So, now that I have worn both the BodyMedia armband and the Nike+ FuelBand for the last 3 days, let’s compare the data from both. Right off the bat with the Nike+ FuelBand, I realized that I’m not going to get a Sleep Duration measure like I do with the BodyMedia FIT Armband—but, for me, that’s not that big a deal since I rarely review the sleep data I get from BodyMedia (I already know I don’t get enough sleep). I also quickly noticed that the ‘Calories Burned’ measure on the Nike+ FuelBand was much lower than what the BodyMedia FIT Armband measured throughout the day. As for the mystical ‘Fuel’ unit of measure, it feels very much like Total Calories consumed on the BodyMedia armband.
So, with that said, below are the first 3 days of my use of both the Nike+ FuelBand and BodyMedia FIT Armband in parallel. I’ve included the daily view from both dashboards for each day, and labeled portions of each day to highlight certain times when specific activities were being done. Let’s take a look…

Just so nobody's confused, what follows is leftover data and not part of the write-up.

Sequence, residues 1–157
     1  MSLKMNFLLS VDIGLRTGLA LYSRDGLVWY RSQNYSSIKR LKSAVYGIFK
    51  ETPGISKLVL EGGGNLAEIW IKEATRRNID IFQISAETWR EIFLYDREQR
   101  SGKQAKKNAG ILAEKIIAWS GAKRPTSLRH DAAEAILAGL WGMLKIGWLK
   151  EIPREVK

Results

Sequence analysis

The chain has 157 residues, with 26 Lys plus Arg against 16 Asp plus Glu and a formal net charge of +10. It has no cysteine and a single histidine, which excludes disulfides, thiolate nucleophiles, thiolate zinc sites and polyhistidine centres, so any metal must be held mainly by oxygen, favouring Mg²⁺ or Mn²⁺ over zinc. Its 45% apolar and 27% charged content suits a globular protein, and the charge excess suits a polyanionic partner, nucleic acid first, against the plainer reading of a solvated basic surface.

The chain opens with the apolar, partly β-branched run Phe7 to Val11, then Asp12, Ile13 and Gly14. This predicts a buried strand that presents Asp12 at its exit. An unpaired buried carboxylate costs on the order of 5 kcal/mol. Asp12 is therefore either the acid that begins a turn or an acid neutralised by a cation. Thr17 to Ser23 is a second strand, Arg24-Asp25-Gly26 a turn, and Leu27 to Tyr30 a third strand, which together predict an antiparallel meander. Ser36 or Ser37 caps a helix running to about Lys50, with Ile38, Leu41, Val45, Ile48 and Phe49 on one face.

Thursday, February 23, 2012
In comparing the two, the first thing I noticed is that the Nike+ FuelBand does not register strength training (lifting weights) as much as it does with cardio activities, regardless of the level of intensity. On this particular day, I had a pretty tough workout at lunch lifting weights at 1pm, and then had very light activity at 5:30pm chasing balls during my daughters’ tennis lesson (I also hit a few balls with my wife and the ball machine). I ended the day watching DVR’d shows while running/jogging on my treadmill. In my opinion, my lunchtime workout and the evening run/jog session were much more intense than my activity at my girls’ tennis lessons—and the BodyMedia data supports this opinion. However, the Nike+ FuelBand registered my activity at my daughters’ tennis lessons as being at a higher ‘Fuel’ level—and my lunchtime workout was just a small blip. This doesn’t seem quite right to me.
I also noticed that the ‘calories burned’ (BM:3,317 vs NK:1,260) and ‘steps taken’ (BM:15,203 vs NK:12,160) were both different. More on this later.
Friday, February 24, 2012